J S Virdi, head of microbiology department of Delhi University, says while Indian bacteria might be better in certain respects, foreign ones cannot be rejected as completely useless. “Local factors, like the environment in which a person lives, influence the gut environment. So Indian strains may have an advantage in that respect,” he says. Virdi, however, adds that there is no evidence to support this and such assumptions are based on microbiologists’ knowledge and experience.
Players in the market
NDRI is not the only institution working on Indian probiotic microbes. Scientists at Anand Agricultural University in Gujarat and Christian Medical College (CMC) in Vellore, Tamil Nadu, have also been conducting tests on these bacteria.
J B Prajapati, head of dairy microbiology department at Anand Agricultural University is working on Lactobacillus helveticus and Lactobacillus rhamnosus bacteria for the past 25 years. “We have standardised several types of dahi (curd), lassi (sweet butter milk) and butter milk which contain these beneficial bacteria,” he says. “We are now working on a project sponsored by the Department of Biotechnology of the Union Ministry of Science and Technology, to test the role of these microbes in improving immunity. It involves clinical trials in people between the age of 65 and 75.”
Prajapati may realise dream to hit the market soon—sooner than his counterparts in NDRI. One of his bacteria is to be licensed to a company and products may be rolled out in about a year.
At CMC, B S Ramakrishna, who heads the Department of Gastroenterology, has been studying various bacteria of Lactobacillus genus, isolated from dairy animals in India. However, his work, by his own admission, is in its nascent stage. He says it will take five to 10 years for his microbes to be ready for the market.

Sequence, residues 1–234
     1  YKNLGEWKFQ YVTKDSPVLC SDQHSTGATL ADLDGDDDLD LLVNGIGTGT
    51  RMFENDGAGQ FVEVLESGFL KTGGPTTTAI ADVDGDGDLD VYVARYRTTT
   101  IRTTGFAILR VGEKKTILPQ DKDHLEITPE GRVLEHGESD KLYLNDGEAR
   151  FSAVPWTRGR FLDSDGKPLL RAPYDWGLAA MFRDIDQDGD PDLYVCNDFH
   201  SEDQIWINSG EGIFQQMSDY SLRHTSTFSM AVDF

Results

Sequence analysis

While Indian scientists are confident about the efficacy of indigenous probiotic bacteria, it remains to be seen if they can beat their foreign competitors. The first hurdle is commercialisation. After Batish and Grover of NDRI finish their biosafety studies on animals, the big task ahead would be to get a third party lab to conduct a similar study to verify their claims. This is essential to get accreditation. Some labs they have approached quoted high price. “Labs ask for Rs 1-2 lakh for a single test,” says Grover.
The team plans to tie up with a commercial entity like Mother Dairy that will sponsor their lab accreditation tests. After this, trials on humans would have to be conducted to determine the safety and efficacy of the probiotic bacteria. NDRI, being a dairy research institute, does not have the infrastructure needed to conduct such trials. Grover says it is difficult to find hospitals that are willing to tie up for such trials with the institute. Prajapati faces similar issues. “We need support from medical faculty and more budget too,” he says. To add to the scientists’ woes, clinical trials outsourced to clinical research organisations are not well respected in the industry.
At present, the top players in the Indian market—Amul, Nestle, Mother Dairy and Yakult—use probiotic bacteria imported from other countries. What chances of survival do the Indian bacteria have then, when they enter the market? The industry seems ready to help.
R S Sodhi, managing director of Amul, in Anand, Gujarat, says if probiotic bacteria of Indian origin become available in the market, the dairy cooperative would be willing to incorporate them into its products. He says Amul is willing to fund the biosafety trials of Indian probiotic bacteria if scientists approach them. If scientists step up their efforts to promote indigenous bacteria they can capitalise on the boom.